“No footprints, then?” he asked, smoking creeping out the corners of his mouth.

Leeks spoke reluctantly. “No sir. Even if there were, the rain mostly would’ve taken care of them.”

“Mmm.”

The two stood silently for a while, reviewing the contents of the victim’s wallet:  Donnel something-or-other, aged 24, organ donor. Leeks broke the silence.

“Ah…hey Reemus, sorry to hear about your wife.”

Reemus looked up from the guy’s license.

“I know where you’re coming from. My husband walked out on me after fucking his bowling instructor.”  He paused. “Fucking dick.”

Reemus looked contemplative for a moment before putting the victim’s belongings back into the wallet. He handed it to Leeks. “Thanks,” he said, before walking back out front.

“Hi ma’am, I’m Detective Reemus. I was wondering if I could have the keys to your garbage dumpster out back.”

The lady looked puzzled, but went inside for a short moment before returning with a rusted link of keys. “It’s this one,” she said, gripping the smaller of the two square keys, “the other one is for the restroom. It don’t get used much.”

“Thanks.” He returned to the back of the building while one of the officers out front yelled at him.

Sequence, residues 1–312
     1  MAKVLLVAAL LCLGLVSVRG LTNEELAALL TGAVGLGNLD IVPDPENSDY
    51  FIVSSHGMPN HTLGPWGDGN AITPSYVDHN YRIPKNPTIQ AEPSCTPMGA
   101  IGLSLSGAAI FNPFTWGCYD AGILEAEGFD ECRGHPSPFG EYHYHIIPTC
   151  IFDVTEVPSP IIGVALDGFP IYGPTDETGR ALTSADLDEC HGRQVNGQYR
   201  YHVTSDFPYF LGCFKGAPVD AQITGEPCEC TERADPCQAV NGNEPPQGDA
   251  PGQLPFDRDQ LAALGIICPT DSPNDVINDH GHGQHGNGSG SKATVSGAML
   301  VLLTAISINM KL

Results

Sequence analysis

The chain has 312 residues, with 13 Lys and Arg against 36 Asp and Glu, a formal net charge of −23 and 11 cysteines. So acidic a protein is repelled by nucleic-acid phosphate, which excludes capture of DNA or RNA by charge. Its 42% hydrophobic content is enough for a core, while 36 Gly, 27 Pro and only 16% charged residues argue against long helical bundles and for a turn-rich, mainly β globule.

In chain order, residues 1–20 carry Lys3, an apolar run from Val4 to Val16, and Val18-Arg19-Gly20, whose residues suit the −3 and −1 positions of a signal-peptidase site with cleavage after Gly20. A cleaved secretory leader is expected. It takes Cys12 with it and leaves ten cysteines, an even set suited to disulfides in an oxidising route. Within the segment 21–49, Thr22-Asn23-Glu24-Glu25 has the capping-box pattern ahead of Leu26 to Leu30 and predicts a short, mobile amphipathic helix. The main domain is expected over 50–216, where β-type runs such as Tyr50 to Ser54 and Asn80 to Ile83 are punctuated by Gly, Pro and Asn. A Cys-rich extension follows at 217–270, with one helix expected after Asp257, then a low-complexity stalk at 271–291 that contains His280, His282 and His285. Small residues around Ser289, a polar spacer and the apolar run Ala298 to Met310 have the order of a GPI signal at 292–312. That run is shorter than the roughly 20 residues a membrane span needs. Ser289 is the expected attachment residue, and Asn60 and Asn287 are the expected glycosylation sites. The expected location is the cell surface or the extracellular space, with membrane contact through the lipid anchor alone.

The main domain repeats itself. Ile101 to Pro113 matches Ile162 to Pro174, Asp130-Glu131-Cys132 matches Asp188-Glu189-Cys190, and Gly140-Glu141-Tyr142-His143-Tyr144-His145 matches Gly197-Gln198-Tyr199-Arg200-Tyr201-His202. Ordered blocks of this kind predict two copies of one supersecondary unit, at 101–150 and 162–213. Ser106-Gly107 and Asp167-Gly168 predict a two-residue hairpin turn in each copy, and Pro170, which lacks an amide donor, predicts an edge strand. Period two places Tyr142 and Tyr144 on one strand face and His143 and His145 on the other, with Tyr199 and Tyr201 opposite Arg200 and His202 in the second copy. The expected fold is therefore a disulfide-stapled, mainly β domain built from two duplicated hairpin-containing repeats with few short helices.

“Reemus! Boss is out front.”

He handed the keys to Leeks, gripping the small one. “What’s this?” she asked.

“Open the dumpster,” said Reemus. “Fish around.”

Leeks took the keys as the Detective left. Reemus went to the window of a cruiser parked on the sidewalk. It was Lieutenant Aldridge.

“Got anything yet, Reemus?”

“About as much as I had when you sent me here thirty minutes ago.” He paused. “Well actually, his name was Donnel.”

“Sweet Christmas, Detective, have you got any fucking evidence?”

“Not yet.”

The Lieutenant sighed. “Look Reemus, the commish just got a call from the mayor, who’s been riding my ass about four murders in four nights. He’s still riding my ass but now he’s made it more intimate by breathing down my neck at the same time–and I haven’t got diddly-fuck to say back?”

Reemus was silent.

“Well? Pull up your fucking socks, Reemus. Killers aren’t professionals, you’re the professional! Find me something!”